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  • Plum blossoms at their peak in Kairakuen
  • Rekkobai and Tsukikage
  • View from the Kobuntei

May 2021

The Famous Plum Trees of Kairakuen Garden

Plum blossoms at their peak in Kairakuen

Kairakuen Garden in Mito City, Ibaraki Prefecture, is one of the most famous places in Japan to see plum trees. Approximately 3,000 plum trees of 100 different varieties bloom in the garden at the end of every winter, creating a majestic scene for visitors to enjoy.

Rekkobai and Tsukikage

Tokugawa Nariaki, the ninth feudal lord of the Mito clan, ordered the establishment of Kairakuen Garden in 1842. Nariaki was the father of Tokugawa Yoshinobu, the last shogun of the Tokugawa shogunate. From the beginning, Nariaki did not keep the garden for himself, but opened it to the local people.

There were not very many plum trees in Mito at that time, but Nariaki had many different varieties of plum tree sent from Edo (present-day Tokyo) for planting. Consequently, there are now 3,000 plum trees of approximately 100 varieties flourishing in the garden. Plum trees that bloom at different times have been planted, including the early flowering types that bloom between mid-January and mid-February, the medium-late flowering types that bloom between mid-February and mid-March, and the late flowering types that bloom between early March and early April, so visitors to Kairakuen can enjoy plum blossoms for a long period every year. In 1934, the Six Fine Trees of Mito were selected from Kairakuen’s plum trees for their flowers’ excellent shapes, scents and colors. Among the six varieties are those with flowers of attractive appearance and scent, including Rekkobai, which has large, light red flowers and was named after Nariaki’s posthumous name, Rekko; and Tsukikage (meaning moonlight), which has pure white flowers and a strong scent. In addition to these six varieties, there are many other plum trees with flowers of different colors and shapes, so visitors never get bored of viewing them during the plum blossoming season.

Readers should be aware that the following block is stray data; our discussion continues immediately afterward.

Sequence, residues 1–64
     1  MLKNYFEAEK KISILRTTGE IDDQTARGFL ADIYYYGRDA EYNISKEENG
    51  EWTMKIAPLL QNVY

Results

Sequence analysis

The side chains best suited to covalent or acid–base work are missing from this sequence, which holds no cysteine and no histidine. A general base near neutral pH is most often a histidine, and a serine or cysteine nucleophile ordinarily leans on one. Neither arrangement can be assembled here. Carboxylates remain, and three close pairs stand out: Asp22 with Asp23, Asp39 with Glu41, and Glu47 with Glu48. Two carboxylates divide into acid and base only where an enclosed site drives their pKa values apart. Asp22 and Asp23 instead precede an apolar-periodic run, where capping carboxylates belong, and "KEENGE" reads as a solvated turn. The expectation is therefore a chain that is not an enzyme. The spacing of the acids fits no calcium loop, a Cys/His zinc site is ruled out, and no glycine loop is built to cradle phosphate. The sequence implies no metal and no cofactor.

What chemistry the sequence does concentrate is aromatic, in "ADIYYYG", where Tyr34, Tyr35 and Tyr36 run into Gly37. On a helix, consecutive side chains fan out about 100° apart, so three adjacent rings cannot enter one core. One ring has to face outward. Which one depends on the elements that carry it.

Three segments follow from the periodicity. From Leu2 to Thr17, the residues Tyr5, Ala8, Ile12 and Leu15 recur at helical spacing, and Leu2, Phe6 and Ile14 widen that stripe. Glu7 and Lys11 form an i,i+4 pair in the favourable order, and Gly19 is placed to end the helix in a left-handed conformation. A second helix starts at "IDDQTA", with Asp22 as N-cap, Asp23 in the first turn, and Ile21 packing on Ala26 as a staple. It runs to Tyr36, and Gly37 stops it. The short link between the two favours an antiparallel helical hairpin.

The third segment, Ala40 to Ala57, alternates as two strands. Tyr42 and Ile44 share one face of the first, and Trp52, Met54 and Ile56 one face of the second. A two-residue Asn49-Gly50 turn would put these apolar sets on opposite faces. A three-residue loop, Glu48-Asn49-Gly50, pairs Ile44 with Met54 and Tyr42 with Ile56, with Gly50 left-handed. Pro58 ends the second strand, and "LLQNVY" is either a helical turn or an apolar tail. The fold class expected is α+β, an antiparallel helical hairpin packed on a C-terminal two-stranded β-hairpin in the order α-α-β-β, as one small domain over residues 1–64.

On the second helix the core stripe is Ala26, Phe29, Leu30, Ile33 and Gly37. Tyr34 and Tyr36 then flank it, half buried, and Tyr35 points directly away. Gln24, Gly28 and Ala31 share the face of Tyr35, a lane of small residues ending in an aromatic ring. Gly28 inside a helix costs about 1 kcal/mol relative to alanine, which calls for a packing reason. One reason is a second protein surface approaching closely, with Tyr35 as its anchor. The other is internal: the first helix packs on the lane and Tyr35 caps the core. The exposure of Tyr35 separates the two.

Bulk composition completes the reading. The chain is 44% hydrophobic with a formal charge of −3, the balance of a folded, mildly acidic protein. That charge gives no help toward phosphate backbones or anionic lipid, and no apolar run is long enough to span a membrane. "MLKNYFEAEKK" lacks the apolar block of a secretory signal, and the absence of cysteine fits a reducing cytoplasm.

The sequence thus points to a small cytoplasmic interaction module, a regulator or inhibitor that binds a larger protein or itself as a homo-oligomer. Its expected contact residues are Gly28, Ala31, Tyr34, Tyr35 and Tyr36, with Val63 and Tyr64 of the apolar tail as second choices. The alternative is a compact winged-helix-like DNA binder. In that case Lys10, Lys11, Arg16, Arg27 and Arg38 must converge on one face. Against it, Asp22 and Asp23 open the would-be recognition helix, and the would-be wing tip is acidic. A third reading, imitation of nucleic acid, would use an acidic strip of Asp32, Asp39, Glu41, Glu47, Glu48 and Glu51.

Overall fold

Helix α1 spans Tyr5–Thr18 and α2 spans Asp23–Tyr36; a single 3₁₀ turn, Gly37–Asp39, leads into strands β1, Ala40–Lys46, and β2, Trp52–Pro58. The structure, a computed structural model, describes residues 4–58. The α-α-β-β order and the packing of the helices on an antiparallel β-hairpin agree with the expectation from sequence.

View from the Kobuntei

During the peak bloom, the view from Kobuntei, a three-storied villa built in the garden, is exquisite. The view from the third floor is exceptionally beautiful.

Recently, a project to develop Kairakuen Garden and its surrounding area into Kairakuen Park has begun with the goal of creating a welcoming place of rest. A new chapter in Kairakuen’s history—now as an urban park—is beginning.